Theresa May says ‘Brexit means Brexit’, yet no one knows what Brexit will look like. The lack of a plan has caused unprecedented levels of political and economic uncertainty. It has also cast doubt of the future of the UK’s – indeed the EU’s – environmental and climate change policy.
In November, the United Nations Framework Convention on Climate Change will reconvene after last year’s successful UN Paris climate agreement. The majority of the world’s nations will descend on Marrakesh to flesh out how they plan to curb dangerous levels of CO2 and avoid catastrophic levels of climate change.
While the world’s two biggest emitters, the US and China, have already signed and formally ratified the agreement, the UK is yet to do so amidst uncertainty about its relationship with co-signatories in the EU, which is collectively the world’s third biggest emitter.
All countries that sign up to the agreement will be expected to significantly increase investment in green industries, but for the UK, facing an uncertain future after the referendum result, the stakes and possible gains are extremely high.
Between 2010 and 2013 the number of people employed in the UK by the renewables industries surged to 35,000. Based on the UK’s current trajectory of emissions reductions, the UN has forecast that this figure could reach the hundreds of thousands by 2030.
Generating more energy from greener sources is about bringing better quality services and better, long-term jobs, and as the TUC’s report ‘Powering Ahead’noted – particularly to those communities in the UK that desperately need them.
Renewable industries are crucial in freeing us from damaging fossil fuels that are increasingly sourced from unstable parts of the world. Moving towards self-reliance via energy sourced from wind, waves, and solar, would greatly increase energy security, reducing heating and energy bills for British consumers.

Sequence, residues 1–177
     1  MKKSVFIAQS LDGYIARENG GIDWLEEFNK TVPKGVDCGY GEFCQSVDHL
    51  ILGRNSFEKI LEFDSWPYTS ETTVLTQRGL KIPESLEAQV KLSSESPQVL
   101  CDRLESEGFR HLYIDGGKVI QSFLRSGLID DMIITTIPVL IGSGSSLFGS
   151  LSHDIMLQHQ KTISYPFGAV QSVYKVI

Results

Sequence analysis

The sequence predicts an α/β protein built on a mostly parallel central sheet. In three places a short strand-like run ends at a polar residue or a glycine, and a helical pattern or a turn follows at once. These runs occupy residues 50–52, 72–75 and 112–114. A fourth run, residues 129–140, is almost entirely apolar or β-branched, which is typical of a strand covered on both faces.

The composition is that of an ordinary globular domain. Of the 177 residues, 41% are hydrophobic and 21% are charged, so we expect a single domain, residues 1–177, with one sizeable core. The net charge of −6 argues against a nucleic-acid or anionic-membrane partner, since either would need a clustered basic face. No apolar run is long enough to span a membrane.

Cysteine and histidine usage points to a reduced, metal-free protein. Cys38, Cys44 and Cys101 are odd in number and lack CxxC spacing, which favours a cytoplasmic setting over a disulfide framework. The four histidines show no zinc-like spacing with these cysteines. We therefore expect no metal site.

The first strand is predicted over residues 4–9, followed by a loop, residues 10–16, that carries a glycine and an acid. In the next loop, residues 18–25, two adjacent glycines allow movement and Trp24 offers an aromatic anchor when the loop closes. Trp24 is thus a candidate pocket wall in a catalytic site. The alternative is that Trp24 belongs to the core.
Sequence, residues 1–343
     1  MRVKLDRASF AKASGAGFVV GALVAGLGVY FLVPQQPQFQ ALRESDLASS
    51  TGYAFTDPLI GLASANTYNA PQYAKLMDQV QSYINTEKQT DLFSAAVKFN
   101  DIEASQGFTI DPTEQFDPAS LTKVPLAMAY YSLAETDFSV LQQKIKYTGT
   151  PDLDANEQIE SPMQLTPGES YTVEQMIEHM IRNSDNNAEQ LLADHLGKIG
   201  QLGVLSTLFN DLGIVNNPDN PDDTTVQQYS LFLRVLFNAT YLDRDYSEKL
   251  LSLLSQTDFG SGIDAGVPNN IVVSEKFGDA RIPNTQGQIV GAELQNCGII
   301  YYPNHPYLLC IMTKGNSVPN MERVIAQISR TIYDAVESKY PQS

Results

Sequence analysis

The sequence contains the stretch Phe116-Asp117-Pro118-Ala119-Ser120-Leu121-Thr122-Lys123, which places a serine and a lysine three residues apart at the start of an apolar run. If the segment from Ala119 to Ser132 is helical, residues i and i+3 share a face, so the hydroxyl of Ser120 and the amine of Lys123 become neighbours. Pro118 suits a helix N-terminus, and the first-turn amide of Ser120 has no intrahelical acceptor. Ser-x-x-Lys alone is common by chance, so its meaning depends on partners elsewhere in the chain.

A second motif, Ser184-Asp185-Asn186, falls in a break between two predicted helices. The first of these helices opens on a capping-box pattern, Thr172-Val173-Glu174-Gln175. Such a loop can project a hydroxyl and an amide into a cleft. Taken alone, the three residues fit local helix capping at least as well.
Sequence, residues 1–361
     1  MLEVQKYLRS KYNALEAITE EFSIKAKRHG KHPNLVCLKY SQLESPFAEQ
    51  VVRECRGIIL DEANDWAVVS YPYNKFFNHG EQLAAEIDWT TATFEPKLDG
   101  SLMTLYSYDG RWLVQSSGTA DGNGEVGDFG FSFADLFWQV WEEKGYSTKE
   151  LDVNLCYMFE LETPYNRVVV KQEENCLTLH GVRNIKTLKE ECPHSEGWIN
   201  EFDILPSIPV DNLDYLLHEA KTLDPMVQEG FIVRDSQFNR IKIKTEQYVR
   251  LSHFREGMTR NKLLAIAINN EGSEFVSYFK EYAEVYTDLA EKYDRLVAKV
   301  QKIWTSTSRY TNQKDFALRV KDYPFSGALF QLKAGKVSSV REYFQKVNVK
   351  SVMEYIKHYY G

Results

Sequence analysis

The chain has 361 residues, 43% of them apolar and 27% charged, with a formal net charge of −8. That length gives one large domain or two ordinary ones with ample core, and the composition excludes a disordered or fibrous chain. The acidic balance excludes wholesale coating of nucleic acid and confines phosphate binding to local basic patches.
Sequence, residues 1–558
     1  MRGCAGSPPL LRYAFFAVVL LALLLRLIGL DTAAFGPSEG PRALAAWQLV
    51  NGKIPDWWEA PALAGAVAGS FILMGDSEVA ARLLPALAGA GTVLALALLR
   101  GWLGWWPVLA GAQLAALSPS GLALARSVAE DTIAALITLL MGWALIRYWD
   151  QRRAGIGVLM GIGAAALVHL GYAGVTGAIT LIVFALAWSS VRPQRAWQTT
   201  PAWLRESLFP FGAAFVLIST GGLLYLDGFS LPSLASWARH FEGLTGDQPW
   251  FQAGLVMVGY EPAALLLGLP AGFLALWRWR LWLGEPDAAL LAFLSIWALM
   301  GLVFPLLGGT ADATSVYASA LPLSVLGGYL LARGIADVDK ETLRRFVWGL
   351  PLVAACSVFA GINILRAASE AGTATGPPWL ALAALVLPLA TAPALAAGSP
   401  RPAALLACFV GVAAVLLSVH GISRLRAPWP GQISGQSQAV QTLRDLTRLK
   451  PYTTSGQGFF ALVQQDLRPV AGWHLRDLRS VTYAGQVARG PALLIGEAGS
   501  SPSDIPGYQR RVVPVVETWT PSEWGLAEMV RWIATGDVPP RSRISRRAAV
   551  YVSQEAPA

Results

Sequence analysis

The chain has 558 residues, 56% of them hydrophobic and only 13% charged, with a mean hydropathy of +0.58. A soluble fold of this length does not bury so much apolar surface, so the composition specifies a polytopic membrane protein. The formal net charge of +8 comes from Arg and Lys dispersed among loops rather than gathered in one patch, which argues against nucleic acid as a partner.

By opting for an ambitious contribution to the UN’s climate deal, Britain could create a climate of certainty for investors in renewables and green technology, which could go some way to offsetting the effects of the uncertainty surrounding our membership of the EU.
The UK government has insisted its energy policy outlook will remain the same and May has pledged to ratify the deal while the new energy secretary, Amber Rudd, has insisted the government would continue to keep its climate targets following June’s vote.
But the turmoil of the referendum result is threatening to blow the UK off course. Despite assurances, energy and environment issues are likely to be a long way down the list when negotiations over the UK’s exit begin.
The delay and disruption could leave energy investors waiting for months or even years, as they try and unpick the possible implications of the terms of Britain’s exit, including what UK energy policies and EU regulations will survive.
The abolition of the Department of Energy and Climate Change at the beginning of May’s tenure has done little to calm increasingly jumpy investors. Nor has the government’s decision to scrap renewable energy subsidies.
By ratifying the Paris agreement as soon as possible, the UK government could go a long way to allaying many these doubts. It would be a clear signal to investors that Britain is taking its climate change commitments seriously and that it is genuinely pursuing an energy agenda that puts cleaner, renewable sources at is heart.
This should be a priority of the new cabinet, and a cornerstone of the UK’s post referendum industrial plan.
But warm words from the government will not be enough, we need concrete commitments. Brexit cannot be allowed to distract or disrupt our transition to a cleaner, greener economy.